MDC president Nelson Chamisa has called for the urgent removal of the bond note, saying the surrogate currency has worsened the economic crisis gripping the country.
In a recent tweet, the MDC leader said he is concerned by the dramatic drop of the Real Time Gross Settlement (RTGS) and bond note rates against the United States dollar.
Speaking through his spokesperson, Nkululeko Sibanda, Chamisa said the bond note, which was introduced in 2016 to ease the cash crisis, had been a failure because of the mismanagement of the country’s economy.
“You need to have a plan to remove the bond note; you can’t deal with the bond note crisis when you are an illegitimate government. In order to deal with it, you need what is called investor confidence,” said Sibanda, referring to Chamisa’s claims that the July 30 polls were rigged in favour of the ruling Zanu PF party.
“You need confidence from neighbouring countries. (President Emmerson) Mnangagwa said he would join monetary unions across the region, picking and choosing the most appropriate, but in order to join those unions, you need to have an economy that is sustainable and has sufficient political legitimacy but that is a problem because he is illegitimate,” he added.
Since Mnangagwa’s inauguration in August, the bond note has continued to lose ground on the black market.
Economist, John Robertson, told the Daily News that government’s decision to introduce the bond note was a bad idea.
“The bond note issue was considered a good idea because people were externalising the US dollar notes. The theory was that, because nobody would bother externalising bond notes, they would remain in the country and their numbers would provide the needed cash balances.
“However, the deeper problem was falling confidence and that is what government should have tackled. If confidence had been restored by government, decisions to work with business instead of against it, the growing confidence would have reversed the flow of US dollars and the bond notes would not have been needed,” said Robertson.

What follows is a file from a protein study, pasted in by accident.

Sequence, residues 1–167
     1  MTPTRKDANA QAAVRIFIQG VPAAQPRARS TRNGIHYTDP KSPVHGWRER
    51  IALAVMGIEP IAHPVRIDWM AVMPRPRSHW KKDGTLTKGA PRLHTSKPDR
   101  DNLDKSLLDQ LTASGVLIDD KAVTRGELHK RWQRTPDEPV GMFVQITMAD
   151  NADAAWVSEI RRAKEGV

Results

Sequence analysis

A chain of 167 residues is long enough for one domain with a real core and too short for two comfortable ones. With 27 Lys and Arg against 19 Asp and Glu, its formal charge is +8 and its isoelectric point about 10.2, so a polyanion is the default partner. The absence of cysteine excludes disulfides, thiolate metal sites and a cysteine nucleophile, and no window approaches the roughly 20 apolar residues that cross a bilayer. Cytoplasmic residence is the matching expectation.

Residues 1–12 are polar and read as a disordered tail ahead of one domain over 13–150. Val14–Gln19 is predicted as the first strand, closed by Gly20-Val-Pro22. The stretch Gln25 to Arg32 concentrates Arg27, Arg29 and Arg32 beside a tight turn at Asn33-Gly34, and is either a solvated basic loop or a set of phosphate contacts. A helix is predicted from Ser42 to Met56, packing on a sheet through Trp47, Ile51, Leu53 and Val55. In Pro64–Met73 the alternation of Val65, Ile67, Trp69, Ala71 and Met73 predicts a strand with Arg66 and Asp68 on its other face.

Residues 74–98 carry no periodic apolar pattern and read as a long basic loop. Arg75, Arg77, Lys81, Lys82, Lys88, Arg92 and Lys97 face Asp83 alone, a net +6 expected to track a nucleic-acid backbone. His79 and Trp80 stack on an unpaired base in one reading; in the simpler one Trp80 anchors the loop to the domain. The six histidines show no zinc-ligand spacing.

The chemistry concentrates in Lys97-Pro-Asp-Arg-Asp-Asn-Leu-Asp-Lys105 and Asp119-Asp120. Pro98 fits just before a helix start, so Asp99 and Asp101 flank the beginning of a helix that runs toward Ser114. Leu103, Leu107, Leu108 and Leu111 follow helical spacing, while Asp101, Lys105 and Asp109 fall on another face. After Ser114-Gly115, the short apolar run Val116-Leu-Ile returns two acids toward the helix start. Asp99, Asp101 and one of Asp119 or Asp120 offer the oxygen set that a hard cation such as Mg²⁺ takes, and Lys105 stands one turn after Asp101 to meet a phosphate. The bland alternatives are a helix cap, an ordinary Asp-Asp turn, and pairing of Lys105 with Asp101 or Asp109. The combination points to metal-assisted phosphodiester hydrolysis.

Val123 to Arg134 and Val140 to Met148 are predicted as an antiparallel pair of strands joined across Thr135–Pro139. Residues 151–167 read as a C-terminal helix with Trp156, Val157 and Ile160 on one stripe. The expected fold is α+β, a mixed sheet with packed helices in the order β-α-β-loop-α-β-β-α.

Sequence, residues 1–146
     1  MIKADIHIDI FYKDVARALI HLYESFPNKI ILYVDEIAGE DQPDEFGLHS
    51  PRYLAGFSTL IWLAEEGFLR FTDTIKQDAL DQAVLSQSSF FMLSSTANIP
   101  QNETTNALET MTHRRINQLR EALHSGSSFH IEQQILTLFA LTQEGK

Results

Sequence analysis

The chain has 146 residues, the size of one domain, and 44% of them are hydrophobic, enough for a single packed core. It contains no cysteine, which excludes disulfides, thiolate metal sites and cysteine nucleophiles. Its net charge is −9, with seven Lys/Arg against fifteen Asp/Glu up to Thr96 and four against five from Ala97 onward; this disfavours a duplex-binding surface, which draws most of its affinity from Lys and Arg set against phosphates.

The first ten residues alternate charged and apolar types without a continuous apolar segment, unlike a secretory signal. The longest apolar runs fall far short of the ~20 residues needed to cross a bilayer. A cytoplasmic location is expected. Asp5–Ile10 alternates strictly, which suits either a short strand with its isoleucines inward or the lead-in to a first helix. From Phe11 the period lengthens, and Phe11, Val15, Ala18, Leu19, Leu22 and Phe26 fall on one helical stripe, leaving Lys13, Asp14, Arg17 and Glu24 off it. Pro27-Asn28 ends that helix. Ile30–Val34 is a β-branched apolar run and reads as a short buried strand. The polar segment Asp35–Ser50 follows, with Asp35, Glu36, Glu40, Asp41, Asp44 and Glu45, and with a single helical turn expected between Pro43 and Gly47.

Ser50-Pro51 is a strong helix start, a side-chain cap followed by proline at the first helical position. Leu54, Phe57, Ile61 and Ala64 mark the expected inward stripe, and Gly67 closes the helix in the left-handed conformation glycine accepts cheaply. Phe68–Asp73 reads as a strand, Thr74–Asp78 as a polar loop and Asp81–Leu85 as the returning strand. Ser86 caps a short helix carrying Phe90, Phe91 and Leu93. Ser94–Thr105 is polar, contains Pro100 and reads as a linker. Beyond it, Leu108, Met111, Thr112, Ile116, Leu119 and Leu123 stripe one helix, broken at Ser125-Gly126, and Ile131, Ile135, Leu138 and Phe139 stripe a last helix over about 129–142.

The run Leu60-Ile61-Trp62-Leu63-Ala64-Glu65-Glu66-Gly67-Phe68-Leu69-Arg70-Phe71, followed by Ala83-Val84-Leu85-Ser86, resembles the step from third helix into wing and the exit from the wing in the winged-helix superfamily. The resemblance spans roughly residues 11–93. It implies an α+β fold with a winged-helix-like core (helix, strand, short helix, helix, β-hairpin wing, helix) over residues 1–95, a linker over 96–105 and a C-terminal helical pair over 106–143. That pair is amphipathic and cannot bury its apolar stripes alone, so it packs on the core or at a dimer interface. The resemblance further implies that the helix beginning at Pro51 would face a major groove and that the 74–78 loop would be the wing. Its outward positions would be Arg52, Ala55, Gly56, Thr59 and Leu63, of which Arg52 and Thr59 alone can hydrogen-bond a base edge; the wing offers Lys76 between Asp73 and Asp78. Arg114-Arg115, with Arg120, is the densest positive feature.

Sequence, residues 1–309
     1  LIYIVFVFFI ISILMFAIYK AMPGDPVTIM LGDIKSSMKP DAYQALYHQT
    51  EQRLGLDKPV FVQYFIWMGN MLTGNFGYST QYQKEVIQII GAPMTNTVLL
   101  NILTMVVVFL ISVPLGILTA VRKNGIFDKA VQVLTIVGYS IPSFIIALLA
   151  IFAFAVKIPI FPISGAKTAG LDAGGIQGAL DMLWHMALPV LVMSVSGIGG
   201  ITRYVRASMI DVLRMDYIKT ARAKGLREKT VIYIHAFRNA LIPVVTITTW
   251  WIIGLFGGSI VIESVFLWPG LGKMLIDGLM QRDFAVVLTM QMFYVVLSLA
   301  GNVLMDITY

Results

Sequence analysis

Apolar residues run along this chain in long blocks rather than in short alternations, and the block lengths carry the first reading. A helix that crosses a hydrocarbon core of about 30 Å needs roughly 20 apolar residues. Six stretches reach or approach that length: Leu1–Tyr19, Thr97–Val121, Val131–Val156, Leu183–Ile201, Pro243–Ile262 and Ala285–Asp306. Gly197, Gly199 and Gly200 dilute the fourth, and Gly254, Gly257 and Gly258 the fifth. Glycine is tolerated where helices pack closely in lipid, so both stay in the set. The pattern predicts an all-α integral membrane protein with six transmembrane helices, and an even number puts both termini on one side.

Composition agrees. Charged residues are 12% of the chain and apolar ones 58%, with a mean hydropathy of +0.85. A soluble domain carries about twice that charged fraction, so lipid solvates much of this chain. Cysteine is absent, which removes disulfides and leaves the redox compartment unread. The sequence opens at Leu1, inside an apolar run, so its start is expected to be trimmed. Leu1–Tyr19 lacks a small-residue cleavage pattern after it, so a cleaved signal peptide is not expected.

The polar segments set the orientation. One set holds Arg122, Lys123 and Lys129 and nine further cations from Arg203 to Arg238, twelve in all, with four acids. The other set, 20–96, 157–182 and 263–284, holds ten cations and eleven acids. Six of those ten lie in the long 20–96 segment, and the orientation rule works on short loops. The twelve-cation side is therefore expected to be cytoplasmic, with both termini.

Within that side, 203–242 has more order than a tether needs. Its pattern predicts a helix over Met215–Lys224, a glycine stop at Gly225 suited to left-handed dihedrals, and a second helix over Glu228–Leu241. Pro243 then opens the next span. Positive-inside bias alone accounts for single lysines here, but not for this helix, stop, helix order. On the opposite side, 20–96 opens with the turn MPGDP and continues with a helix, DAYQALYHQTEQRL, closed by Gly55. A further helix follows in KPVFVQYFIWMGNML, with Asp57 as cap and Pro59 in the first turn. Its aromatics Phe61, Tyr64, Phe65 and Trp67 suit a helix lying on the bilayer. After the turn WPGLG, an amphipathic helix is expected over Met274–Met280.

He said the high rates prevailing on the black market were a result of the decision to cancel the collateral value of billions of dollars worth of agricultural land and lack of confidence in government by its citizens.
“People have grown tired of waiting for promises and when people grow tired of waiting for change, confidence ebbs away.
“Scarcity is the most immediate cause, but the scarcity has its own causes. Confidence seems to be going down again, possibly because the promises being made all the time are not being kept quickly enough.
“Government is still claiming that sanctions did the damage to the economy, but the real damage was done by policy decisions that government does not want to change,” added Robertson.
President of the Confederation of Zimbabwe Retailers Denford Mutashu said the upsurge in foreign currency rates was indicative of the serious shortage of foreign currency and low exports against growing import bill, and the fiscal imbalance in the country.
He said companies that import raw materials and goods that are not manufactured locally were facing serious hurdles in accessing foreign currency.
“Almost all sectors have suddenly become a priority for foreign currency allocation,” he said.
Recently, President Emmerson Mnangagwa and new Finance minister Mthuli Ncube ruled out the immediate return of the decommissioned Zimbabwe dollar, saying the country will for now continue to use bond notes and the multiple currency system until the local economy stabilises.